Monday, December 30, 2013

Please rise for our belated seasonal anthem ...

The Ventures' CHRISTMAS ALBUM [1965] is the greatest Xmas album ever recorded. Don't even pretend that Phil Spector wall-of-sound yuletide wailing or the Beatles' happy-Christmas-to-just-our-fanclub quickies or even the mighty Vince Guaraldi can compete.

This LP is a Swiss Army knife of an Xmas LP -- put it on in the background for your holiday party and enjoy mostly ignoring it while you pretend to enjoy chatting with your guests; put it on while wrapping presents for your ungrateful loved ones and occasionally stop to guess where the next song is headed after the first twelve bars; or, I shit you not, put on your headphones and treat it like a Pink Floyd album, but without the 1AM-conversations-in-your-dorm's-stairway levels of pretension.

The combo playfully twist convention by taking a pop tune of the day and warping it into a Christmas classic: "What'd I Say" sets the groove for "Jingle Bells," the Lonnie Mack stomp of "Memphis" paves over the tinsel swing of "Jingle Bell Rock," and "Blue Christmas" finally gives you something to think about on the off chance that you ever hear the Searchers' "When You Walk Into the Room" on the radio or while browsing in a used-vinyl store, etc.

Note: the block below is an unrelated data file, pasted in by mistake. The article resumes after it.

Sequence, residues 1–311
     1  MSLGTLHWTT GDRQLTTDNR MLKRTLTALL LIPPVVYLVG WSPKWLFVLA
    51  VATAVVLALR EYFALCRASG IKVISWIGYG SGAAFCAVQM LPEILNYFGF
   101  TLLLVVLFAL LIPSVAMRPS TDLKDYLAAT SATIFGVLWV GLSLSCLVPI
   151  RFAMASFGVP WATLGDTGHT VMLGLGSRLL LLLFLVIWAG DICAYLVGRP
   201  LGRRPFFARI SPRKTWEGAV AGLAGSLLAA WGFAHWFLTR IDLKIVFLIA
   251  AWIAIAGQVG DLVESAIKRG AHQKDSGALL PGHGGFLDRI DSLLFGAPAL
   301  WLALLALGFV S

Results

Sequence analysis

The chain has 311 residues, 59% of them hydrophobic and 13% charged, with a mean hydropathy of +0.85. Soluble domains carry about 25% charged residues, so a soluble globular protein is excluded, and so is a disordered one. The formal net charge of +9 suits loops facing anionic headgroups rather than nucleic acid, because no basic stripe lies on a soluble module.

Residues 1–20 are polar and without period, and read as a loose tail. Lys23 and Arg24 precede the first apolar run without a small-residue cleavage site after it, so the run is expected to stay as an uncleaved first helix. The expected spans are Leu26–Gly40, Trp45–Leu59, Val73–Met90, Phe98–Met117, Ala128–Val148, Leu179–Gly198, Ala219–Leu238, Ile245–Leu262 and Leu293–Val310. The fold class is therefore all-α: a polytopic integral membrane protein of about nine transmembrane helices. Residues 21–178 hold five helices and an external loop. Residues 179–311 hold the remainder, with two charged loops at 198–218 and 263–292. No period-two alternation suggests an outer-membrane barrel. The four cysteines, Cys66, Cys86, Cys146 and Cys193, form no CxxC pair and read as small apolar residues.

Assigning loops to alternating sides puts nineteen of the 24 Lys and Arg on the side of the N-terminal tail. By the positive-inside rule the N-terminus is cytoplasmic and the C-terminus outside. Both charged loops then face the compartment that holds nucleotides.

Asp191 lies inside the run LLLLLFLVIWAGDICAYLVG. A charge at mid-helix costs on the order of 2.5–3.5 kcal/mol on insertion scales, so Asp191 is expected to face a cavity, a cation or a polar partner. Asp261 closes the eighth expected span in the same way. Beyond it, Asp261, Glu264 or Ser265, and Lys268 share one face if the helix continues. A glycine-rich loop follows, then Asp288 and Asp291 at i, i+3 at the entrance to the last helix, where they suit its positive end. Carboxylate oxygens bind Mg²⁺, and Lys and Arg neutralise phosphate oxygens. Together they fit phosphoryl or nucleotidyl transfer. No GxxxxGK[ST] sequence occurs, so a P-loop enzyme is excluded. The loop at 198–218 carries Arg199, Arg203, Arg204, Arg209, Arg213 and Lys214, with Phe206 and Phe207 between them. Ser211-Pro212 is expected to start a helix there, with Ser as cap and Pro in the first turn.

For me, the track to go back to over and over, especially through a pair of ear buds, is "Snow Flakes," their take on "Greensleeves" mixed with a little of the Zombies' "She's Not There."

If the soundtrack of all our Christmas seasons must forever be the soundtrack of the boomers' childhood Christmases*, then let this album get the most play.

* It's not a coincidence that the only new song of the last 30 years to make it into heavy rotation in the malls and on lazyass-December commerical radio is Mariah Carey's "All I want For Christmas Is You," a song so boomer-retro that Spector probably embellishes a false memory that he supervised the track's final mixdown with his pistol in Carey's mouth every time he hears it. Speaking of which:

OK, fine -- here's one Christmas song that we can probably claim for our own; even as a filthy, agnostic Jew, I can get into this medieval French carol about the animals in the manger doing what they could to care for the newborn baby Jesus.

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